The incident occurred in the 1800 block of Channing Avenue, between Greer Road and Rhodes Drive.
The resident had received a telephone call from his house cleaner, who had arrived at the home to find a man inside, rummaging. The resident was nearby and returned to discovered Morales, 20, in the front seat of his vehicle, which was parked in the driveway. Morales was allegedly trying to start the resident's car, police said in a press release.
Morales was still inside the vehicle when police arrived. No one was injured during the arrest.
An investigation showed that Morales also had allegedly burglarized the resident's home two days earlier. That burglary was not initially reported because the resident was unaware that it had occurred.
Police were able to recover the property stolen in both burglaries and return it to the resident. The stolen property included jewelry and keys. In both cases, Morales allegedly entered the house using a hide-a-key that the resident had placed outside.
Police ask anyone having information about the recent residential burglaries to contact the 24-hour dispatch center at 650-329-2413. Anonymous tips can be emailed to email@example.com or sent via text message or voice mail to 650-383-8984.
Palo Alto ponders restrictions on living in cars
Palo Alto's deeply divisive debate over whether to ban people from living in their vehicles could get closer to resolution Tuesday evening when a City Council committee considers the staff's latest proposal for dealing with the issue.
Unlike neighboring jurisdictions, Palo Alto currently doesn't have a law regarding vehicle dwelling. Residents in some neighborhoods, particularly College Terrace, have complained in recent years about the safety and sanitation issues created by the situation. City officials had initially proposed a law that would prohibit vehicle dwelling but backed off after intense opposition from homeless residents and their advocates.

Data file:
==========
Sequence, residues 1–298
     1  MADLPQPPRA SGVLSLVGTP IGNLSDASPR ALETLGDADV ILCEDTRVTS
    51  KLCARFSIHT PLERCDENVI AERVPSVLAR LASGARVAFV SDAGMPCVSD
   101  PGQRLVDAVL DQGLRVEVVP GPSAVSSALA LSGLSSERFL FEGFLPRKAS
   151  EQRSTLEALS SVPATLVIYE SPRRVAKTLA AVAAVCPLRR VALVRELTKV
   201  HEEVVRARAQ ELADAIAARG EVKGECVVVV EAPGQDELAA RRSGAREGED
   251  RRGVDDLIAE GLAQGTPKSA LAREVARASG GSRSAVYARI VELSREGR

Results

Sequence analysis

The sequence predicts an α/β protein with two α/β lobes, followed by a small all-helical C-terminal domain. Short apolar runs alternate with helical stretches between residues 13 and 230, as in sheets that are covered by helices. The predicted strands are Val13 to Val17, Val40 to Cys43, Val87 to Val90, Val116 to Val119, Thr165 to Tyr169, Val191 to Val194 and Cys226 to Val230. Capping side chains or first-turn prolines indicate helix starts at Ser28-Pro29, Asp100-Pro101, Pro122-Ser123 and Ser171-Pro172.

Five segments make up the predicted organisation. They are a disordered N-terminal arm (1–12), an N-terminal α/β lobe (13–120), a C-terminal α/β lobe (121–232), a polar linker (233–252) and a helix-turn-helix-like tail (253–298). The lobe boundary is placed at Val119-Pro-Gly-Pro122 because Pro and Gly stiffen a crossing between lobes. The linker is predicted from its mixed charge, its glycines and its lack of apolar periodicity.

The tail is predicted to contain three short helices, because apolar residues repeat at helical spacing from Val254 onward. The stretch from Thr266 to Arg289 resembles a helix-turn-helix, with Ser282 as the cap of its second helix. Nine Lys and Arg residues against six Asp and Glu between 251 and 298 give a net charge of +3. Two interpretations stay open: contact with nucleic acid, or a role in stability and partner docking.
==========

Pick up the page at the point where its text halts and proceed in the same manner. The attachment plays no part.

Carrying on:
Now, staff is considering softer approaches. One would involve a three-month pilot program under which the homeless would park in certain parking lots, generally at churches or businesses. The program would be modeled after the one in Eugene, Ore., which includes 31 sites that serve 62 people.
For outreach, Palo Alto's proposed program would lean heavily on the Downtown Streets Team, which provides work opportunities to homeless people and has volunteered to administer the program during the three-month pilot program at no cost.
Among the top challenges will be finding churches and businesses willing to offer space to vehicle dwellers. Only one church, First Presbyterian Church, has so far committed to participating.
Another option is the "do nothing" approach — that is, keeping laws as is but enhancing outreach to the homeless community.
"This approach may help to target the relatively few instances of concern without imposing an ordinance and could be implemented on a trial basis for several months," the planning department report states.
Planning staff have been meeting periodically with a working group of homeless advocates and neighborhood leaders to come up with a mutually acceptable solution. The overall perception, according to the report, "is that an ordinance to prohibit the human habitation of vehicles is not necessary."
Can you help out for Thanksgiving?
Volunteers are needed to prepare turkeys, mashed potatoes or sweet potatoes, which will be served at the InnVision Shelter Network Estelle Chalfin Community Thanksgiving Meal at All Saints Church on Thanksgiving Day (Nov. 22).
Recipes will be provided (for consistency), and the food must be delivered to All Saints, at 555 Waverley St., Palo Alto, by noon on Wednesday, Nov. 21.
More volunteers are needed to purchase items and drop them off at the church by noon on Wednesday as well.
According to Eileen Richardson and Owen Byrd, who are organizing the meal, "Right now the biggest needs (in order of importance) if you can't cook and want to help make the meal successful are: large cans of sweet potatoes (1 lb. 13 oz.) or cans cranberry; meats and cheeses for the bagged lunch we send home with the men and women on Tday; large bags of potatoes we can peel and cook, delivered on Wednesday morning, Nov. 21; large crates of fresh green beans; juice boxes, fresh fruit, granola bars and cookies for the take-home lunches; and loaves of bread for the take-home lunches."
Last year volunteers served close to 500 meals "and will likely do more this year," Richardson wrote in an email. "Your help is crucial in making this community potluck a success."
Those interested in volunteering can email firstname.lastname@example.org.
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